Solving problems through partnership

Learning from experience

Throughout 2021, Link-ages has been involved in a promising and exciting challenge, working with a Local Authority and social housing provider to help address problems related to digital exclusion in social housing. Across the sector a lack of Wi-Fi connectivity for residents, and alack of focus on digital inclusion, has meant that social housing residents can lack access to digital services and opportunities that are increasingly standard, such as banking, access to information and medical consultations. The lack of connectivity also means that to inform residents of important updates regarding their setting, providers rely on face-to-face or phone contact, which can result in frequent un-answered contact if residents are not present at their property during a visit or call. Furthermore, social housing provider scan lack the flexibility to modify and improve their digital services to respond to need due to outdated connectivity and a lack of digital transformation. As a result, housing associations cannot benefit from the potential that digital transformation can bring, including improved services for residents and efficiency savings for providers.  

A holistic approach to transformation

Despite the clear benefits of improving connectivity, simply introducing Wi-Fi into a social housing setting, or updating outdated provider systems is not sufficient. During the trial with our partner housing association, it was clear that expecting previously inexperienced users to obtain and use technology independently is unlikely to result in positive outcomes. Clearly, many residents of social housing are established and skilled technology users, but our partner organisation has established that there is a significant group of residents who lack the experience and skills to use many existing technology platforms. This, combined with the cost implications of purchasing a tablet or smartphone, means that in a social housing setting, the simple presence of Wi-Fi is not enough. Our trial period brought together a package of Wi-Fi provision, tablets, and a simplified user interface, in a resident-centred trial, and showed that bringing these together in a package that can be easily introduced into a social housing setting can have significant positive outcomes for providers and residents. For residents, the immediate benefit was increased contact with family, but further developments will support improved connection with the provider; for example, the digitisation of their telephone befriending service, options to join conversation groups and other activities digitally as well as in person (when COVID restrictions allow) as well as the ability to report issues, or receive updates on planned works, and in the future access to further specific digital services. With providers we have begun the potential cost-savings over time, such as how easier and more effective communication with residents would free-up staff time, and how digital can provide better access to services for residents. Work continues in this area, and we focus on how to promote excellent service whilst ensuring cost-effectiveness. Work to date has suggested that there are savings to be made both in the immediate relief of some administrative burden, and in the longer term on reductions in unnecessary escalations of interventions that could be avoided by taking a more proactive approach to monitoring etc. The achievements in this trial period mean we are currently preparing for further significant funding for a second, much larger phase that would allow us to rollout provider-specific additions that would provide significant improvements in functionality and allow providers to begin to make financial savings and introduce a wide range of additional services to improve efficiency.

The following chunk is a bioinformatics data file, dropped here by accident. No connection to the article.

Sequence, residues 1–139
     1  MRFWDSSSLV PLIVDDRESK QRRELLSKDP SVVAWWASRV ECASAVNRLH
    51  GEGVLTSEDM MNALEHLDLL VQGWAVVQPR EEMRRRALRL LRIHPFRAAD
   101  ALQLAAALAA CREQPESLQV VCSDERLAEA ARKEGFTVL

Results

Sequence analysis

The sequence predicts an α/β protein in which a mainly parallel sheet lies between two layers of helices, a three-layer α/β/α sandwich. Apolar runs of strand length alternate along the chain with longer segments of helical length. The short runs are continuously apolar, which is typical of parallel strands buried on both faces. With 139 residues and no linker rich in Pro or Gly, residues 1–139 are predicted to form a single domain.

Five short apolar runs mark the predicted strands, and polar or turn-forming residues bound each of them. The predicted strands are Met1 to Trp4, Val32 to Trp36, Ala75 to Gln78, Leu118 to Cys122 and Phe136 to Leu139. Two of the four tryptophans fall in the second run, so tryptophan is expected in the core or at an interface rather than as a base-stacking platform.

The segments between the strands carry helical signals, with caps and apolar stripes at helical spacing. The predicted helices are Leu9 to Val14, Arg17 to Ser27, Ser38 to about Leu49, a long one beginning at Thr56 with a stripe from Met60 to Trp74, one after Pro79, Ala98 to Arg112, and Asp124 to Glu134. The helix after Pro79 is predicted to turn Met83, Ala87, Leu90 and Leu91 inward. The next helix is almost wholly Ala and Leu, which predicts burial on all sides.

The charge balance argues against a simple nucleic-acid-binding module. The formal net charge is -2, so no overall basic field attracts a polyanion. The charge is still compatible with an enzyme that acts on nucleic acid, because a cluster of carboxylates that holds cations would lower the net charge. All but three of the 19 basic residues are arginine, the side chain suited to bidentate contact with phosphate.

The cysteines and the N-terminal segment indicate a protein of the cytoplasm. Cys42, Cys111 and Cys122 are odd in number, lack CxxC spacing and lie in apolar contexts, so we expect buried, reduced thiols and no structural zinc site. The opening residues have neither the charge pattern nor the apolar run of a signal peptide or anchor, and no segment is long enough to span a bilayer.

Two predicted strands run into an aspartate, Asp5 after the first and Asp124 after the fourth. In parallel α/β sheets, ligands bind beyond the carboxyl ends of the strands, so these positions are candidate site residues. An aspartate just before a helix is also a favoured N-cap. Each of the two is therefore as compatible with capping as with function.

There are clear challenges associated with bringing digital transformation into a sector such as social housing. A historic lack of digital transformation, coupled with clear cost challenges for providers (and associated implications for residents), and significant numbers of residents in some settings without previous digital experience, mean that a new approach is required to achieve the functionality and benefit required whilst delivering at an affordable and sustainable rate. However, in working with a Local Authority and social housing provider, we have shown that by delivering a comprehensive and cost-effective package of Wi-Fi, hardware, and software, responding to the specific needs of the provider and their residents, we can encourage benefits and engagement for residents and providers, helping to ready the sector for the future.

Other articles from Link-ages